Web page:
CHRISTINA: The secret is: There is not magic secret!
CATHERINE: Yes. Haha!
CHRISTINA: But no, that's the big question that I was facing when I was trying to write this book, The 8 Keys to Mental Health Through Exercise, because really I wanted to, I didn't want to just write another book saying, "You need to exercise! You need to exercise, you really need to exercise!"
CHRISTINA: Because we all know that.
CHRISTINA: But, you know the research is just amazing at the benefits of exercise. I mean exercise really should be viewed as a form of treatment for ourselves. And a way of prevention. Preventing mental illness. And keeping ourselves mentally healthy. It's is THE best thing we can do- that and sleep- probably the two best things we can do for our mental health overall. But, yeah, the hard part is, how do you do it? You don't feel like doing it. And so that's what really a lot of the book is about, but basically, there's a couple things- first of all, we need to redefine exercise. Like you said, you just need to get moving. We don't need to be running a marathon or training for something or you know even taking a Zumba class or whatever, it doesn't have to be that idea in your head of what you think exercise is.
CHRISTINA: It's just about being active and trying to live that active lifestyle that promotes your mental health and happiness and satisfaction and then beyond that, I mean we need to look for activities that will actually, we actually like to do.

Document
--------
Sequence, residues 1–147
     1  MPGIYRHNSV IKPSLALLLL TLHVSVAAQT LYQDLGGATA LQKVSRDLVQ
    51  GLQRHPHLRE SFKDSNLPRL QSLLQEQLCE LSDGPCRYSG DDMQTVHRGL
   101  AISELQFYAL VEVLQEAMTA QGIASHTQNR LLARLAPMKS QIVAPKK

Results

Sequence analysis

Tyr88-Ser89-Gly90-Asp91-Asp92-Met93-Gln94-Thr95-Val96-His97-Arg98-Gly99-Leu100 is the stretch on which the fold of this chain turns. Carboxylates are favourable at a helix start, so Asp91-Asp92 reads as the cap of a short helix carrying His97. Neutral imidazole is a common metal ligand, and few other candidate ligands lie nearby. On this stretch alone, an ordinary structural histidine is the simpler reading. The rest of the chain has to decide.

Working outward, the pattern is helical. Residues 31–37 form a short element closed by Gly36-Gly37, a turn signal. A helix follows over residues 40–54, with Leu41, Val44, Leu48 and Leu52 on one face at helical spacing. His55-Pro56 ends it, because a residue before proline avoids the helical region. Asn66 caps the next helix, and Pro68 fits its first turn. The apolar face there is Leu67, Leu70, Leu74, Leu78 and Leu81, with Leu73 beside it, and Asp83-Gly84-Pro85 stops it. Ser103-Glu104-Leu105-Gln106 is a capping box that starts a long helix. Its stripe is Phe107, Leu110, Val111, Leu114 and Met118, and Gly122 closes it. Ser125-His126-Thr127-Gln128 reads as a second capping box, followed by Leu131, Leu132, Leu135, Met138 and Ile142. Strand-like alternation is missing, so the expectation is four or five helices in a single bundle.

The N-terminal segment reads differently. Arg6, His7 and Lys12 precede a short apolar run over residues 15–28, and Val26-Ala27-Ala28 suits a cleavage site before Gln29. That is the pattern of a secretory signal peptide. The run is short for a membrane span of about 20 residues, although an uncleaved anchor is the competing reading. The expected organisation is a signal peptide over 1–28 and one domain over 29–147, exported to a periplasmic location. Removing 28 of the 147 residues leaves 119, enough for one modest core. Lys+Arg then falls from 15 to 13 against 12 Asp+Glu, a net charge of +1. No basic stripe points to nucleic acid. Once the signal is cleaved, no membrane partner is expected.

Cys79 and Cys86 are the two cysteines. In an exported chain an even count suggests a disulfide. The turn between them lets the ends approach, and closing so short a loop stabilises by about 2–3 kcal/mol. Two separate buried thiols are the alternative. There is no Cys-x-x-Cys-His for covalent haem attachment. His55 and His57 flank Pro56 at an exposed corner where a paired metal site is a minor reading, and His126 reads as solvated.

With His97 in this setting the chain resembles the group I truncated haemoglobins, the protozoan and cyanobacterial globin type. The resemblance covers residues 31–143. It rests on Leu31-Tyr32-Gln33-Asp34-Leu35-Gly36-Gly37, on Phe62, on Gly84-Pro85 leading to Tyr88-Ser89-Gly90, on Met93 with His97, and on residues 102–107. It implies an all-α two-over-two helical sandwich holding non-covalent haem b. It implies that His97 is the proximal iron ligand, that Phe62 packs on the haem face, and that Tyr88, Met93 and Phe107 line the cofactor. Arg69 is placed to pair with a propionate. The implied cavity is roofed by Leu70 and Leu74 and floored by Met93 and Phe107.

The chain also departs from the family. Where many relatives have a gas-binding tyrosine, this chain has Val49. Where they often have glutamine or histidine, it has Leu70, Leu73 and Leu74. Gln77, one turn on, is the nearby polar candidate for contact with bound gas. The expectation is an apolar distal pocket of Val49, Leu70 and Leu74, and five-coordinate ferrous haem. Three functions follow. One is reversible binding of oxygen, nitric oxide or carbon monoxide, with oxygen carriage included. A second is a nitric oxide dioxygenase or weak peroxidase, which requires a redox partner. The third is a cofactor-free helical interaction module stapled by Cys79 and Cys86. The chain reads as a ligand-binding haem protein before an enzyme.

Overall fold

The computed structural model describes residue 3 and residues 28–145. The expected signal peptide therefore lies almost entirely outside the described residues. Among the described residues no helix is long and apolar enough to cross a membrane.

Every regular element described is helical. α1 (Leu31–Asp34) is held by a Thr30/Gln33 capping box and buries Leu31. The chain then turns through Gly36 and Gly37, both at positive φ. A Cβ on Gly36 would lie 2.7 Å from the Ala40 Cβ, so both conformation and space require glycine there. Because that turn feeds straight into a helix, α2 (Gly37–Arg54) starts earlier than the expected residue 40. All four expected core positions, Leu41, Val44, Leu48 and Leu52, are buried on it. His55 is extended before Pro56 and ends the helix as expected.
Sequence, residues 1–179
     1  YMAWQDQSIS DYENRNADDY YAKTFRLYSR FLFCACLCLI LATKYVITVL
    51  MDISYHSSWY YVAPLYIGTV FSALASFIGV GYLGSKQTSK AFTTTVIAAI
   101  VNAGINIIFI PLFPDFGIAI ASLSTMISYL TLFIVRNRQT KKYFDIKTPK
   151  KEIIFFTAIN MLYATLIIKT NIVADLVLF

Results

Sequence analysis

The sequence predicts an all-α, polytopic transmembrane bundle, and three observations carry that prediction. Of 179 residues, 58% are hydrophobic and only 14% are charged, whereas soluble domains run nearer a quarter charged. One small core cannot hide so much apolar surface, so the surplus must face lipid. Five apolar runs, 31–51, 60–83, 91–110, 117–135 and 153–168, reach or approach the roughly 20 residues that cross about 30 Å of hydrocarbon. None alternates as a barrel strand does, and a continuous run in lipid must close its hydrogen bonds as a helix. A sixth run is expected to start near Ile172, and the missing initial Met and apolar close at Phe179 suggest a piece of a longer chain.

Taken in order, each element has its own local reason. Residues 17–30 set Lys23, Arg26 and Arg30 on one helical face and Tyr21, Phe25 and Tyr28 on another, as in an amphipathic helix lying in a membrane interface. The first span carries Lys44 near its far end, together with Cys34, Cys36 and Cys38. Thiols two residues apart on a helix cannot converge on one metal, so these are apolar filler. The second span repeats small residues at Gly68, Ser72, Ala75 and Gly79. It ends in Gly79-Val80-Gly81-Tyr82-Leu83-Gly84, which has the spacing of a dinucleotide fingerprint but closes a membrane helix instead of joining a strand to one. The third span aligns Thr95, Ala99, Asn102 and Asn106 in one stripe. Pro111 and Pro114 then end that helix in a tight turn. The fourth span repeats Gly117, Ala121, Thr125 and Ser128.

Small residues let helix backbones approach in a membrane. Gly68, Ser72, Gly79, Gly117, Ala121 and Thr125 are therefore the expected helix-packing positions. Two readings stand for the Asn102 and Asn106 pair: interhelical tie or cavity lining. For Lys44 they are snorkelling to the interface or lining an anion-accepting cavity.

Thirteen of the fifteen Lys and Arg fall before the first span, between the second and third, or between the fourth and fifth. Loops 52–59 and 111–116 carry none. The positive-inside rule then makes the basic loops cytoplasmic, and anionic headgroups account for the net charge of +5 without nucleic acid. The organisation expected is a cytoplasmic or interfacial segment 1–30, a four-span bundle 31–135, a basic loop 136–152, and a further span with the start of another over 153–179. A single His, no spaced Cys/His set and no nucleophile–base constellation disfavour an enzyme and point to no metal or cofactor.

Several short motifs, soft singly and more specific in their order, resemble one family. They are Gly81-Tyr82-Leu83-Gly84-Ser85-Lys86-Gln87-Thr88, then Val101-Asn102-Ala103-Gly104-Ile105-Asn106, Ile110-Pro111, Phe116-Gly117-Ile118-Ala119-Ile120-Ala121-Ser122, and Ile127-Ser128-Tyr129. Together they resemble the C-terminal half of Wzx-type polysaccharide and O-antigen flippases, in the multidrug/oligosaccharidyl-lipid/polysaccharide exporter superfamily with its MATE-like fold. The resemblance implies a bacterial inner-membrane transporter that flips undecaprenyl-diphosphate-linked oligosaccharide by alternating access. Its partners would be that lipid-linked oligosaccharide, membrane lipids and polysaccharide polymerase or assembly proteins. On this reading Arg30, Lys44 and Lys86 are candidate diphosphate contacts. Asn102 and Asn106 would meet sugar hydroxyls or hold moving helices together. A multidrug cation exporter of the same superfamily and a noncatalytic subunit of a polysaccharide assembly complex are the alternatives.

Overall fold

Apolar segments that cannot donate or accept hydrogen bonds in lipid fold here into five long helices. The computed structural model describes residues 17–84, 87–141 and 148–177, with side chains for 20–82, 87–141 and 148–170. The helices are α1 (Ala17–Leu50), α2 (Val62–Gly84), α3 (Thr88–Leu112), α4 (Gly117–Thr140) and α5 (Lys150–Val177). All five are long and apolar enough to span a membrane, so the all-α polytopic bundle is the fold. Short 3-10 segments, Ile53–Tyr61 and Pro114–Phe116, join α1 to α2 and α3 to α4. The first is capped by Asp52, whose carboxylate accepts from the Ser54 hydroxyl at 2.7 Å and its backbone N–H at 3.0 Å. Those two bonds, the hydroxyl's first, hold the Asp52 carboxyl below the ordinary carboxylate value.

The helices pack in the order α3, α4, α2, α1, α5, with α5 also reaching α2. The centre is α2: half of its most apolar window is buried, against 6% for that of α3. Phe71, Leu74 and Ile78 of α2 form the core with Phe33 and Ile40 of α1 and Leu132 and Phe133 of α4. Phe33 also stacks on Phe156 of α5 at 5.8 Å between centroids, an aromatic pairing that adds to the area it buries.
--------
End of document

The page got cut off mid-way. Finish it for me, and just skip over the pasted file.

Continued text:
CHRISTINA: Something we want to do. And realize that just because, you know, my friend has done 10 marathons, I have no interest in running a marathon. I just don't, right?
CATHERINE: I had a major fail with trying to run a marathon last year, so... haha it's not my cup of tea either.
CHRISTINA: At least you tried! I mean I just admit up front, no thanks, I don't want to do that. It's kind of like having a baby without an epidural. I could do that, I just don't choose to.
CATHERINE: Right, right!
CHRISTINA: Anyway, so it doesn't have to be that. You know, it can be whatever is getting you active. And the best thing I love is, I love the chapter I wrote about exercising with your family.
CHRISTINA: Whether you have a baby or kids, it's great to get them out and you start to show them how make this lifelong habit. You have fun together, so you make exercise fun and you do things that you want to do and then you start small. You start really small, like you know what, I don't feel like going for a jog or even a walk, so I'm gonna go out and get the mail, 'cause it's sunny out and I have to walk down to the end of the driveway and maybe when I'm there I'll choose to walk to the end of the street, and maybe I won't. But at least I moved. I got out of the house and I got in the sunlight which as we know, is also great for you mood right?